For Immediate Release - May 27, 2008
Michael Murphy, ADHS Public Information: (602) 542-1094
Janey Pearl, ADHS Public Information: (602) 364-1201


Unlicensed Child Care A Growing Problem, Parents Urged To Do Homework When Looking for a Facility


Two recent incidents involving unlicensed child care - including the arrest of a Glendale day care operator on sexual-indecency charges - reinforce the importance of "doing your homework" when looking for a child care center.

"Selecting a safe, high-quality and caring facility may be one of the most important decisions parents will make in their child's lives," said Susan Gerard, Director of the Department of Health Services. "That's why it's important to make sure a child care center is licensed."


Last week, Glendale police arrested an unlicensed child care provider on public sexual indecency charges. At the time of the arrest, up to 20 children were being cared for at the home - in violation of state law. Police said the investigation involves three girls, all younger than 15.


In March, a 9-month-old who had stopped breathing at an unlicensed day care center in Phoenix was rushed to the hospital in critical condition. ADHS had revoked the license of the operator, Ursula Daniels, in 2007 after inspectors found, among other things, that she allowed marijuana to be used in her home while children were present. This year, Daniels admitted she had been smoking pot on the job, according to police, who are investigating the child's injuries.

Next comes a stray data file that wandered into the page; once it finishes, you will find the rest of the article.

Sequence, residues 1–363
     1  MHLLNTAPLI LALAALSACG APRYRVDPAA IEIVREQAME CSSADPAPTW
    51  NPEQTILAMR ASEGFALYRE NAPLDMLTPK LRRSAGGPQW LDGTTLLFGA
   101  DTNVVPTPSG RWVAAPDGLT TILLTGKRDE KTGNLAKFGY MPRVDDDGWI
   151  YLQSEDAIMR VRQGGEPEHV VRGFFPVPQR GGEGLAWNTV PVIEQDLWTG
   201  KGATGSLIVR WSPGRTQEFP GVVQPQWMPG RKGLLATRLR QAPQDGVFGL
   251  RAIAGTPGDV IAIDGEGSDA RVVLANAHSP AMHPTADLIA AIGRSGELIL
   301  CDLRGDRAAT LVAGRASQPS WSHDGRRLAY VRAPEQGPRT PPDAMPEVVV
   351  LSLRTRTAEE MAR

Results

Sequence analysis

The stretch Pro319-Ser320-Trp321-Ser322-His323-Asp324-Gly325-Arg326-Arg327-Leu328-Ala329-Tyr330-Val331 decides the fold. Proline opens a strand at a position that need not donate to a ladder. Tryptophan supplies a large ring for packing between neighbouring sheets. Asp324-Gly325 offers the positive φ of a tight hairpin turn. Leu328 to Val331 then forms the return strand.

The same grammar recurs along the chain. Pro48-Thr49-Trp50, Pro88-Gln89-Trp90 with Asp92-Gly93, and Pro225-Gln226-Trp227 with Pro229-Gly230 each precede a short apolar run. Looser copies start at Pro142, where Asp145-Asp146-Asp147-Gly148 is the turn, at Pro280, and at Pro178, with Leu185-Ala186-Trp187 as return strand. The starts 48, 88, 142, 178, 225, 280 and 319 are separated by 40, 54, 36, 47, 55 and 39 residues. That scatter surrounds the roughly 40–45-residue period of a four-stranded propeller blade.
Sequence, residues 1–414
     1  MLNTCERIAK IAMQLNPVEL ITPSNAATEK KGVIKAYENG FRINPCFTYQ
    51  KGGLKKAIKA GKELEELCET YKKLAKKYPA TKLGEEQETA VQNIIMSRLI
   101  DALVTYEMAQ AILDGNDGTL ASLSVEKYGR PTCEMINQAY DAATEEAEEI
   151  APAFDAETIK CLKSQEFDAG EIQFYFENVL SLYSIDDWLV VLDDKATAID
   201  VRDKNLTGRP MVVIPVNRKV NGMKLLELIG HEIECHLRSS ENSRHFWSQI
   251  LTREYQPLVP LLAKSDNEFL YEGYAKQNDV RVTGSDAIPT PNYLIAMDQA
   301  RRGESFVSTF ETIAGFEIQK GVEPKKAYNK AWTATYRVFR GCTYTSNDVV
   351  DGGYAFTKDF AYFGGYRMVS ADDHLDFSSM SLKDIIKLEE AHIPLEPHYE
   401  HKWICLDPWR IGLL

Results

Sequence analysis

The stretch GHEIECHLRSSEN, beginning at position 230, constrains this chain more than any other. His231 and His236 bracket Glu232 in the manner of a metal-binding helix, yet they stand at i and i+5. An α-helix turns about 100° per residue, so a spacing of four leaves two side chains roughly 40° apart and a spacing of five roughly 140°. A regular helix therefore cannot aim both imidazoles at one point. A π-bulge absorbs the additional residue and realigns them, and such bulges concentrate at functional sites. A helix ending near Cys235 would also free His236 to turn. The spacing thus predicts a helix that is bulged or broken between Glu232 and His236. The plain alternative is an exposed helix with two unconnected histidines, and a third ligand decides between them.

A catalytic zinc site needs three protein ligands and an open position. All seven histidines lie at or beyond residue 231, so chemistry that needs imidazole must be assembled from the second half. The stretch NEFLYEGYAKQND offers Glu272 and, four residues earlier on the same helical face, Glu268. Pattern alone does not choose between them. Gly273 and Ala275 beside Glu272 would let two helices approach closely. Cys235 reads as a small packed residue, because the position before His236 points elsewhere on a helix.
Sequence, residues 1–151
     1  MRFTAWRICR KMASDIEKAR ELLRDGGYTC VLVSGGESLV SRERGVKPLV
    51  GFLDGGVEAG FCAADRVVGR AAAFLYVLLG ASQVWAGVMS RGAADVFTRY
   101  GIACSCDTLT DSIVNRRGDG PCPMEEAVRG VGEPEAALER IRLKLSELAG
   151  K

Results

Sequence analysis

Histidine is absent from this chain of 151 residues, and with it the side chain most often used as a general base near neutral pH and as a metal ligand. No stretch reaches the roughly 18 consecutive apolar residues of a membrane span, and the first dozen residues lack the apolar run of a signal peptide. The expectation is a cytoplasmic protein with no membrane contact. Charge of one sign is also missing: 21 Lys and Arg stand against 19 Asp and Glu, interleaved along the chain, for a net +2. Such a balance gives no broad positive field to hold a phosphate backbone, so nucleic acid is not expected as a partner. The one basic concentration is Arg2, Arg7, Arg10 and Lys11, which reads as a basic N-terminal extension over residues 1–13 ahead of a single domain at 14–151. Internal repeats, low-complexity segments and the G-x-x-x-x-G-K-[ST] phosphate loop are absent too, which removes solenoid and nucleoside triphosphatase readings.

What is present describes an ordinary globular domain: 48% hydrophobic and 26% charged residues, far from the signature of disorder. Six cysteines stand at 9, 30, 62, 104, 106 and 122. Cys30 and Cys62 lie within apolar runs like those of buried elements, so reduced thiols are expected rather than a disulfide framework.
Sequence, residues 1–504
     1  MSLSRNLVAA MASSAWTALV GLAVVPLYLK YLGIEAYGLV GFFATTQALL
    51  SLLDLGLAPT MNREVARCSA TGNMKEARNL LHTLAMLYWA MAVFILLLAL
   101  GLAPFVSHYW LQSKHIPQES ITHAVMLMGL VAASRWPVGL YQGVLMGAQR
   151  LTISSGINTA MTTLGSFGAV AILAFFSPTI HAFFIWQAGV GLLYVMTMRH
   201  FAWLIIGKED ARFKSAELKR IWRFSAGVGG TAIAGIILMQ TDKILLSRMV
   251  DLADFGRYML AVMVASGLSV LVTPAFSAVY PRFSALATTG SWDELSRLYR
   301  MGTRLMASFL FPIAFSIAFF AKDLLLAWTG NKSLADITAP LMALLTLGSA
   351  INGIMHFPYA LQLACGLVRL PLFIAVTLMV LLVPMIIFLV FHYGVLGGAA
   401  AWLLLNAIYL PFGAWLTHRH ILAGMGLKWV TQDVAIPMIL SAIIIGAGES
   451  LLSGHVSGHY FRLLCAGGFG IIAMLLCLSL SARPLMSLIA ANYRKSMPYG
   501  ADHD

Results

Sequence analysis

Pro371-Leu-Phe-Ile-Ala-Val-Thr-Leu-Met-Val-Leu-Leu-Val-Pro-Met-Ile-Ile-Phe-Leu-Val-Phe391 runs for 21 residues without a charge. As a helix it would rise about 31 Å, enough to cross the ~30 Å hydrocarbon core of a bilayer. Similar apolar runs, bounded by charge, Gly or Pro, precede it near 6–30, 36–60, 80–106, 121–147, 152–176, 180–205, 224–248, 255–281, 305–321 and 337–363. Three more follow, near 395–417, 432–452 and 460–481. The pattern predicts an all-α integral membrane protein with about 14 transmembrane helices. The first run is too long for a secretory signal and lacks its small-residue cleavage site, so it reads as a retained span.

There is no way to know how many unlicensed facilities operate in Arizona, but the state has made it easy for parents to check online at

The web site allows parents to obtain a wealth of information about child care centers, including up to date information on inspections, and complaint investigations.

The Department's web site also offers several consumer tools, including a parents' child care checklist. That list and other information are available at

Arizona requires that child care centers make their licenses available for public viewing.

In addition, the state requires criminal background checks on all workers in licensed or certified child care centers. In addition to the licensing inspections by the Office of Child Care Licensing, centers are required to have fire, sanitation and safety inspections. Group homes are required to meet local zoning requirements.

Persons who care for five or more children for compensation must be certified in order to operate legally in Arizona. A person may care for four or fewer children, who are not their own, without being certified.

Parents also can call one of the Department's offices for further information:


Phoenix: (602) 364-2539 or Toll Free (800) 615-8555
Tucson: (520) 628-6540
Flagstaff: (928) 774-2707
Yuma: (520) 628-6541


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